To re/enforce is to be persistent in insisting on putting into effect. It is to be vigilant in invoking for continued practice. It is sustained clamor for further action. Such is the central assertion in these exhibitions of four Filipino visual artists whose combined artistic outputs are being mounted at the ArtistSpace of the Ayala Museum which opens on December 1, 2010 at 5:00 p.m.
In “Tuldok,” multi-awarded Antipolo City-based Jerson Samson re-stresses the vox populi while providing a powerful reassertion of popular democracy. The concretization of popular will from the philosophical concept of populism that stuck an imprint amongst the Filipinos after the much-romanticized disenthronement of a dictator mirrors the sociopolitical context in Samson’s previous works employing his current painting style. However in “Tuldok,” there pervades the rhetorical undertones that lie opposite the exaltation of the voice of the people; comes now the exaltation of the people with a voice. In the large oil on canvas “Tayo,” the multitude that brought this new-found democracy can thus be reflected as those who pile up questioning outside the gates of a palace which looms over the horizon, far from their reach, where the popular voice hold office.
Monnar Baldemor in “Usapan” reiterates the need for constant communication between people as it is vital for an artist to communicate with his viewers. Here Baldemor stresses that whether how trivial or mundane or intellectual the subject matter maybe, one reaches out to another effectively through the spoken/written word. It is this spoken/written word that Baldemor infused in his paintings; snapshots of daily life provided with text to further give emphasis on the thoughts of his subjects. Such texts are as vital in the painting as the messages that Baldemor is trying to deliver to his audience.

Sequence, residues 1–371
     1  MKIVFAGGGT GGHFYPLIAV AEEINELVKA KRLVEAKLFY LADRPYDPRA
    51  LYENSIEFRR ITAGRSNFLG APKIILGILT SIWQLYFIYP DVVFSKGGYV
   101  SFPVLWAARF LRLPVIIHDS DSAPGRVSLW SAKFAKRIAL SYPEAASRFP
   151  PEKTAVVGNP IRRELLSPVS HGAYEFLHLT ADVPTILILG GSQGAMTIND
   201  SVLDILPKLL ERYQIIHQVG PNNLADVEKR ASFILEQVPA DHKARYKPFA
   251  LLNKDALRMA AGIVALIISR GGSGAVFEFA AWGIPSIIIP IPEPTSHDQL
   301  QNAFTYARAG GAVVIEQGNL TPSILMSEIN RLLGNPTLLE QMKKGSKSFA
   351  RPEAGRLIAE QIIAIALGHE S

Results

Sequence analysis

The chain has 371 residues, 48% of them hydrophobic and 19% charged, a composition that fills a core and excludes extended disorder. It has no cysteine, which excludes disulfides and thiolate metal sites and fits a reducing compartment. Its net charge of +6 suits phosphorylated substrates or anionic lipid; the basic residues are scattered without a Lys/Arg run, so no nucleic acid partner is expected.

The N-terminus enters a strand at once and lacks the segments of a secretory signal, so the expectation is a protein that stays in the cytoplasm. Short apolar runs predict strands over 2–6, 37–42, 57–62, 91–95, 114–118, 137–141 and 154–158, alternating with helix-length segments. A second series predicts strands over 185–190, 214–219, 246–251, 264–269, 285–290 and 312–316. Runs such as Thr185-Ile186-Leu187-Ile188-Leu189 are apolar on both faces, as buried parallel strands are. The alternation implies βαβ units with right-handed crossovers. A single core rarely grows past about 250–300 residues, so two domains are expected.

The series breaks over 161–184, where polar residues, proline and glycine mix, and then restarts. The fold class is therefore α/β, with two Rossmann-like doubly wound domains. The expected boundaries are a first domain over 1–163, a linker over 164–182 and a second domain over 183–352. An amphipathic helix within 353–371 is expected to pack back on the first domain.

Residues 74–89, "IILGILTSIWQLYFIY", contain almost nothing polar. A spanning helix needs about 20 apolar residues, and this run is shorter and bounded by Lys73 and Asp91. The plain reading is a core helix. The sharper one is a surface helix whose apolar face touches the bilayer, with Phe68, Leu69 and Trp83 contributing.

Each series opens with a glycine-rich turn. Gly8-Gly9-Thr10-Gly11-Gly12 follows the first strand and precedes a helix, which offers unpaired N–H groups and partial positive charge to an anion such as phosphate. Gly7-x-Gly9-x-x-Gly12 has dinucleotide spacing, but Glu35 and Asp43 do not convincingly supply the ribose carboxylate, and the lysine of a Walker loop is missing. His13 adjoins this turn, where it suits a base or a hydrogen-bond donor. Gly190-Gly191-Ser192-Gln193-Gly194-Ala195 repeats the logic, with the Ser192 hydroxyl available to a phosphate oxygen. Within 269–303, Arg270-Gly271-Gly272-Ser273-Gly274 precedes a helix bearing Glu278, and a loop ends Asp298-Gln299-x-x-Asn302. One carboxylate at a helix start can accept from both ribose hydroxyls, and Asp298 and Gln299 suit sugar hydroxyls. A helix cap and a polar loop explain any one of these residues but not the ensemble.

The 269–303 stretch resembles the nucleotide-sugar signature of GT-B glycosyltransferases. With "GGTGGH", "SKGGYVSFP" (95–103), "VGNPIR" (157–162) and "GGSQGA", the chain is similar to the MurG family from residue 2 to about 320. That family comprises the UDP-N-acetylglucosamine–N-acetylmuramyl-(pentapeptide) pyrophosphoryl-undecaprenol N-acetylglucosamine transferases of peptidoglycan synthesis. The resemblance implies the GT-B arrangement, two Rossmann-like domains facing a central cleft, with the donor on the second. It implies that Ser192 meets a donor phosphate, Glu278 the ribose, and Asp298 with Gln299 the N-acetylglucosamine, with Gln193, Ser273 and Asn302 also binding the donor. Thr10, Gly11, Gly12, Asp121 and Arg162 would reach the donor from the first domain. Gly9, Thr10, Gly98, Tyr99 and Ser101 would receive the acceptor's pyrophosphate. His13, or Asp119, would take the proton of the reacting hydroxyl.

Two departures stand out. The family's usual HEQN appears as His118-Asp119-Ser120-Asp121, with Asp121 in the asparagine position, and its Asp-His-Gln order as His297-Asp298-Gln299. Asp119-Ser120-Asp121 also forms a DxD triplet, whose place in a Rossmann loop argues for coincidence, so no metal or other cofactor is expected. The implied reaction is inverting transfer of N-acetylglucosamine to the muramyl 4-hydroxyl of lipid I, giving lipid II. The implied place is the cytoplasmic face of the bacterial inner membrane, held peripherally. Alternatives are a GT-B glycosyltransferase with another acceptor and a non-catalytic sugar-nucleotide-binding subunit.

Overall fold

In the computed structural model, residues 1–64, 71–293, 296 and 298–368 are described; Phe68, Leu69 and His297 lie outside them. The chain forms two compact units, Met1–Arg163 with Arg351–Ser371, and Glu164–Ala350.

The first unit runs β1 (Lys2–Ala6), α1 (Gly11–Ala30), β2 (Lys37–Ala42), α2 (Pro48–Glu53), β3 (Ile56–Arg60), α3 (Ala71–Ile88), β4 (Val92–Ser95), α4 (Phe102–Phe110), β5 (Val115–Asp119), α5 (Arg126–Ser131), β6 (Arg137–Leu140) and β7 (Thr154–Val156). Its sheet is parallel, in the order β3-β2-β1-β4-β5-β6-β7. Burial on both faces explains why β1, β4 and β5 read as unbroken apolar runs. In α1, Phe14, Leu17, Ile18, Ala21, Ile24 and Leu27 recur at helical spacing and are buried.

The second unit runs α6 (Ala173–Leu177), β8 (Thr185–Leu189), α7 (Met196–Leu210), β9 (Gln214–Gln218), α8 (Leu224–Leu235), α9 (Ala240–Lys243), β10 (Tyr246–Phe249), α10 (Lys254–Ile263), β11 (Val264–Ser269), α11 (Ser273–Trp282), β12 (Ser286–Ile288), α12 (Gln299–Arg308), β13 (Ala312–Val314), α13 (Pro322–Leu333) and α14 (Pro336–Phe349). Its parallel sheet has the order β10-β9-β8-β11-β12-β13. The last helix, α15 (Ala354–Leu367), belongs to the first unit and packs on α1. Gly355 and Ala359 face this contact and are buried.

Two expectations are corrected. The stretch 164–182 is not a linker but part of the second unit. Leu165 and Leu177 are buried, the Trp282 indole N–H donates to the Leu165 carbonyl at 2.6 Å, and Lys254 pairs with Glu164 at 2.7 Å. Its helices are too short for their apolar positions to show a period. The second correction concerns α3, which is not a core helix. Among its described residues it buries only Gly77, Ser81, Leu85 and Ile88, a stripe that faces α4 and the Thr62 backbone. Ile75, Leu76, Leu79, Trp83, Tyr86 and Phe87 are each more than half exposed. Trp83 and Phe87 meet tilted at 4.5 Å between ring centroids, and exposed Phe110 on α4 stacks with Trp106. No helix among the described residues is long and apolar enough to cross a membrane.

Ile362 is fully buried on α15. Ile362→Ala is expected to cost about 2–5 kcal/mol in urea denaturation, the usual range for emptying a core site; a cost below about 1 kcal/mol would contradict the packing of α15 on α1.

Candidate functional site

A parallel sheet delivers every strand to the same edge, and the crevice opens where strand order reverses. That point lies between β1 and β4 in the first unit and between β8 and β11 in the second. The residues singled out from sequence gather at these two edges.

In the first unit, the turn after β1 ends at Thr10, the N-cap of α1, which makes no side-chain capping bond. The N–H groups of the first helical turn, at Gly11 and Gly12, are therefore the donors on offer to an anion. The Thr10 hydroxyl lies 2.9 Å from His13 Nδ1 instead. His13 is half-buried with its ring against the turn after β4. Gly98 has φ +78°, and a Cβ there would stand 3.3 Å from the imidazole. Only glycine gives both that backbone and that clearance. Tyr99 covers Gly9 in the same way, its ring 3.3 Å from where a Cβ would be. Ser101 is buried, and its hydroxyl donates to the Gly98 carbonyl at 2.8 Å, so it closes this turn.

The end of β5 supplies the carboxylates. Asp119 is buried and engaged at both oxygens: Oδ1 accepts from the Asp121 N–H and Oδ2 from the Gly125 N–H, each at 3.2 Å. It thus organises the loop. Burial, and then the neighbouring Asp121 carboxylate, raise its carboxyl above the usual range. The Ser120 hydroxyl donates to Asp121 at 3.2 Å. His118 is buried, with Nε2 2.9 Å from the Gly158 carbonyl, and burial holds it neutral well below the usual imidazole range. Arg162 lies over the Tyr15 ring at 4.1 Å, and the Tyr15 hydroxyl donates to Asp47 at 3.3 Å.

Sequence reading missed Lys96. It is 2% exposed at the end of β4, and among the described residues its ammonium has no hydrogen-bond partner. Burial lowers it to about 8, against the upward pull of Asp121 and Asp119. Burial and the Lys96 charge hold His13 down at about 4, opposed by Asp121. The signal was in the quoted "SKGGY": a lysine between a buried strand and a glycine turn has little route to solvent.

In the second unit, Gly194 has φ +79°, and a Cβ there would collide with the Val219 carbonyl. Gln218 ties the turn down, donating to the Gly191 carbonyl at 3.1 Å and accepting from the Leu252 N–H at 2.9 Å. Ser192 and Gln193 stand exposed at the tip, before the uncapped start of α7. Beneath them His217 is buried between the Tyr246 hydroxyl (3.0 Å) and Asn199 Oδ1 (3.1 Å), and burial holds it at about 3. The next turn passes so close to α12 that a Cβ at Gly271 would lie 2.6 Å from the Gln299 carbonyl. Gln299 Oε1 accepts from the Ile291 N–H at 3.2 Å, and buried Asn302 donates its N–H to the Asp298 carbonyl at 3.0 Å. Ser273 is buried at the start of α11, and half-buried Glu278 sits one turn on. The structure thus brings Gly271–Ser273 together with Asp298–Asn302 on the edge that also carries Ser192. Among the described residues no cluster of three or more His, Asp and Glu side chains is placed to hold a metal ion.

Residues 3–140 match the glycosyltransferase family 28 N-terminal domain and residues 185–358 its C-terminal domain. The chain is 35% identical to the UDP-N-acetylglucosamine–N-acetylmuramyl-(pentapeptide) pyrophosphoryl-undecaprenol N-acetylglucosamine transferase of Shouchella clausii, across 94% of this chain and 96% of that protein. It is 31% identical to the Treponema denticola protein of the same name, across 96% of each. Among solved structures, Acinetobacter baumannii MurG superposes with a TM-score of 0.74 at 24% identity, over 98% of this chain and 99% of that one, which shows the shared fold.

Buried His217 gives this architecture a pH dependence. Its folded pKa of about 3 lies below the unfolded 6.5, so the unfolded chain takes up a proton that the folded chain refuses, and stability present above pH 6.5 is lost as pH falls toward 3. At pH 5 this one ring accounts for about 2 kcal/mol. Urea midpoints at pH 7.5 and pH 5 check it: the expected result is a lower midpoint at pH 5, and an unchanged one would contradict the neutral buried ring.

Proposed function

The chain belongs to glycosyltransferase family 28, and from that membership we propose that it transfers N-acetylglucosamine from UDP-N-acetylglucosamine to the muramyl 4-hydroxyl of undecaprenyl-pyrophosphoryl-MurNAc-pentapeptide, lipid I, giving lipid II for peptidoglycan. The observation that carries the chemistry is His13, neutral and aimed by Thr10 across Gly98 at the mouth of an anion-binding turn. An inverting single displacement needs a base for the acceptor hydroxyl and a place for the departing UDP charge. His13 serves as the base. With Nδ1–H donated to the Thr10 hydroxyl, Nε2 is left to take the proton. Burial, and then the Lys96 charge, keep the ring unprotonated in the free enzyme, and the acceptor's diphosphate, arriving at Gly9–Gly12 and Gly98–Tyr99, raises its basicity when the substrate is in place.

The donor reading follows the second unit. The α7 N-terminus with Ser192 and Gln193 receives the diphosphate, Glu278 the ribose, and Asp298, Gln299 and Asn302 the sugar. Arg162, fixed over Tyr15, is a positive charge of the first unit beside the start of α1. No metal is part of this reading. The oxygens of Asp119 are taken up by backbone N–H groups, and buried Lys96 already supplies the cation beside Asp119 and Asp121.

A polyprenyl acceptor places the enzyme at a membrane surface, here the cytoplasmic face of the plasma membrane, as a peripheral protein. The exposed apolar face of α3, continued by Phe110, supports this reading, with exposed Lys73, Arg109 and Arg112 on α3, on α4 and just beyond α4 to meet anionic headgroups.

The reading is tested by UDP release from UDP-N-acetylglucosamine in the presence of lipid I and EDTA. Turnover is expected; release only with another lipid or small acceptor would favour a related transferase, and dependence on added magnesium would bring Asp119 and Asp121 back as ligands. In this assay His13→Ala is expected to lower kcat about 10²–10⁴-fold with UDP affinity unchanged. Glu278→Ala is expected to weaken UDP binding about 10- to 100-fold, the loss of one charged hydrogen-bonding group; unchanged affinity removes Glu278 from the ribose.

The convolutions of everyday life constantly being made complex by the unrelenting advancements in technology as evidenced by the changing terrain of his native Cordillera became the focus/locus of Baguio City-based visual artist Ernie Gomez. The encroachment to land and its people and culture swept aside if not annihilated what was then pristine. As reflective as the national scenario, Gomez backtracks to the simplicity of provincial life in “Everyday Lives”. He reinforces this with a pictography of a race, moment, milieu poking on our sensibilities for a lot of introspection and self-evaluation as a people and a nation.
Yet perhaps the cerebral juxtaposed by the philosophical comes out in Anthony Panugao’s “Conscious│Subconscious.” True to form and figure as in his first solo exhibition last year, Panugao’s apocalypse remains to be foreboding. Also here the artist resummons the function of faith. Panugao’s central premise is anchored upon the question “What if the subconscious mind fuses with the conscious mind?” Like osmosis between two potent faculties distinctly separate. Panugao utilizes this philosophy of the mind that distills in a mind-body problem to create analytical pieces where the viewer is being asked to re-calculate.
Re/enforce, a collective of exhibitions mounted by Artepinas, Inc. for the ArtistSpace of the Ayala Museum is curated by JCrisanto Martinez and shall be on view until December 13, 2010. Inquiries may be channeled through the Ayala Museum or at (+63) 922.331.41.08 or via electronic mail at email@example.com.
Texts: JCrisanto Martinez
Images, Monnar Baldemor, Ernie Gomez, Anthony Panugao, Jerson Samson